Always a voracious reader, I am inhaling them now.  This is my job while I figure out about the day job, I read and write about what I’m reading.  Not only does it give me direction for a life which could easily be adrift and and feeding my food addiction, it makes me stronger in so many ways.

Never really shy about self-reflection, I now have the time and space to really look at some of the things coming up right now.  And sometimes, it is some scary, sad shit.

“But because my body was coded female, I was never ever assumed to have the kind of knowledge or credibility that a man would have.” (p. 37)

I read the first 38 pages of your book and sobbed.  I felt so completely bereft that I had to set it aside for a week or so.  Because those pages were my story. The story of being a woman and the rampant sexism which had become so normalized I didn’t see it anymore.  I read your story and began to understand that not only was I not alone in this mess, but that there were ways I could raise my voice.

But first I had to reconcile some stuff within myself.  Because the stuff that was coming up was more than just re-evaluating my entire life in terms of how I’d been treated because I was female, it was looking at some pretty horrifying events and having the light bulb go off.  Which led to, “Well shit, no wonder. I never had a chance.”

And without going into too much detail here, there were new realizations about my parents.  Then there was looking at my most recent job and realizing that it had been a put-up job from the day I walked in as a temp until the day I walked out as a no longer employed here type.  Things started slamming into place. And it was scary.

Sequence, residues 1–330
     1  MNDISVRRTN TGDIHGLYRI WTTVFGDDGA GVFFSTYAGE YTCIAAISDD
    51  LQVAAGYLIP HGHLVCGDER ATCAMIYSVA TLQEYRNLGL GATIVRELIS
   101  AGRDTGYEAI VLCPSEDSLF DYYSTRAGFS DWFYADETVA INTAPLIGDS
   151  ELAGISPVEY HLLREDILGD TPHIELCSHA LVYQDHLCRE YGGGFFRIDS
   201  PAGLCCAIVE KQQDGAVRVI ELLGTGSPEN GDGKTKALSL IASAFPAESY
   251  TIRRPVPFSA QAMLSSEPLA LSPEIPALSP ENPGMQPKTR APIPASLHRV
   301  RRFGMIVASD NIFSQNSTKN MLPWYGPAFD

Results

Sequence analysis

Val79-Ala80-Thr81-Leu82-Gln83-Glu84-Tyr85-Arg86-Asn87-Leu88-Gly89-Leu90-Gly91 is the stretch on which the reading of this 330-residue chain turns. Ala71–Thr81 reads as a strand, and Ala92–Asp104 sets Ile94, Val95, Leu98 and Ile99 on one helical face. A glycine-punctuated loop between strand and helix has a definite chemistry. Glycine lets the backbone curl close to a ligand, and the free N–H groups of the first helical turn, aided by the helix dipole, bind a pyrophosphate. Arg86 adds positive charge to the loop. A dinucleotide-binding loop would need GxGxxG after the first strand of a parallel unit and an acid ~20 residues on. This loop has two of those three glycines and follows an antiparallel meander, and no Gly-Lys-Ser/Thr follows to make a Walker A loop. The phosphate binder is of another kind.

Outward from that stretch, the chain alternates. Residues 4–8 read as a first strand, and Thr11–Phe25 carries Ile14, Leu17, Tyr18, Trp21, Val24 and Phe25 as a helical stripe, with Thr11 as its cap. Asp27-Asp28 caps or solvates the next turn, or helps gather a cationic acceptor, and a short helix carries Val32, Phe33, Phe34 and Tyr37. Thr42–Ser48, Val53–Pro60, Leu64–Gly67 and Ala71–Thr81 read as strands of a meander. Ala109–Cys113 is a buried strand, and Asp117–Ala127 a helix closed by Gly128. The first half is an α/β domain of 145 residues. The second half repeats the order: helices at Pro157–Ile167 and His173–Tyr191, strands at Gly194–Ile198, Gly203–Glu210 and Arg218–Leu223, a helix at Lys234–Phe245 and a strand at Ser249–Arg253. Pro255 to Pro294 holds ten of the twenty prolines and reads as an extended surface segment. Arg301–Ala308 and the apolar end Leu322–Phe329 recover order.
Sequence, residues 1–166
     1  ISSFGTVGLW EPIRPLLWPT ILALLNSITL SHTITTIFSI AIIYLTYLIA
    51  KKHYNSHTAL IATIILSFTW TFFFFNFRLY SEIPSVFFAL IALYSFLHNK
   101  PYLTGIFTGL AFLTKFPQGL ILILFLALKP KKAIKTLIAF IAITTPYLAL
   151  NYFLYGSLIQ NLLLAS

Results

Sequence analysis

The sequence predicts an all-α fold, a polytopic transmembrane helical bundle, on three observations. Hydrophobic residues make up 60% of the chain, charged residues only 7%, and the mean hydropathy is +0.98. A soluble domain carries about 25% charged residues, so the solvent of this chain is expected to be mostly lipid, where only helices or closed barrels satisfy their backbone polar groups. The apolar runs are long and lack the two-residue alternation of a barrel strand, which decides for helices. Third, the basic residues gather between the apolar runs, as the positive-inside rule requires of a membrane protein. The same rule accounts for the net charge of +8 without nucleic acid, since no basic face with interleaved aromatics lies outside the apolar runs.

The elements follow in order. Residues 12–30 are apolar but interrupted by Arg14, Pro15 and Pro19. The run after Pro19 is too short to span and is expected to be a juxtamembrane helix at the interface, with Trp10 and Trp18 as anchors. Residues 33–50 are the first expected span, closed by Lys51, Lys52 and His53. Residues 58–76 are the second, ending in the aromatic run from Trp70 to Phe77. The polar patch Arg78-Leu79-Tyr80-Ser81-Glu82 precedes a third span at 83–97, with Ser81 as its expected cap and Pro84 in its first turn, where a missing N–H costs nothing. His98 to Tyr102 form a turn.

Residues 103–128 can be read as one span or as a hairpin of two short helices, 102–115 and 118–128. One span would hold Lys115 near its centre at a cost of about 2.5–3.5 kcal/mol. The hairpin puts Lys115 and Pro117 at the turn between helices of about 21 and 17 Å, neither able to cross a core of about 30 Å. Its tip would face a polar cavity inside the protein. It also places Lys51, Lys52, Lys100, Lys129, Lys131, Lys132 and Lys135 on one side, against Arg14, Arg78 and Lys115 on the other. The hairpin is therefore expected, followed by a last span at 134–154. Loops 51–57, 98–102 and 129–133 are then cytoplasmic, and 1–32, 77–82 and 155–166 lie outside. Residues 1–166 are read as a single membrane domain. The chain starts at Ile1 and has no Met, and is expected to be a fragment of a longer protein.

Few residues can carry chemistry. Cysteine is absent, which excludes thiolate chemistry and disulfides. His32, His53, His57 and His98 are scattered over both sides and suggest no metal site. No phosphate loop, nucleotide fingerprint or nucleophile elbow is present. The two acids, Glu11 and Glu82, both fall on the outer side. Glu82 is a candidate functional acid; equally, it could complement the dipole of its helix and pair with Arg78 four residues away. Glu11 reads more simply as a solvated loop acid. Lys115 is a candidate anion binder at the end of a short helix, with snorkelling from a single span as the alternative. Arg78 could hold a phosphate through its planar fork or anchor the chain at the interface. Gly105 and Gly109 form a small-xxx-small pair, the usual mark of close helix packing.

I’ve been following you on Twitter and reposting some of your articles on Facebook, because you speak to me in a way that no woman ever has before.  And that’s valuable to me. I’ve learned a lot from you.

Taking a deep breath, I picked The Geek Feminist Revolution up again, and only put it down when other, more pressing matters demanded my attention.  It made me wish I knew you well enough to take you to dinner and ask you to just tell me stories about your life.  To talk about process, and yeah it sucks to have to have a day job for the insurance, and holy shit I hadn’t realized how bad the sexism is.

There are hard truths in your book.

At my last job there was a week when I had to actually go to my manager and explain to him what being a part of the team and having a voice meant.  The group admin wouldn’t put me on the meeting agenda because I didn’t have Director in my title. She would only do it if my male manager said it was okay.  I was pissed. So pissed I was vibrating. And that I had to explain it several times in very small words just made it worse.

Reading your book gives me such hope.  For the first time in my life, at a time when people are looking forward to retirement, I realize I still have time to make change in my world. I have time to rearrange everything I thought I knew about myself and create a different life for myself.  The life I want is one which tempers my very emotional responses and allows me to reasonably explain to someone why they’re not allowed to take my voice away.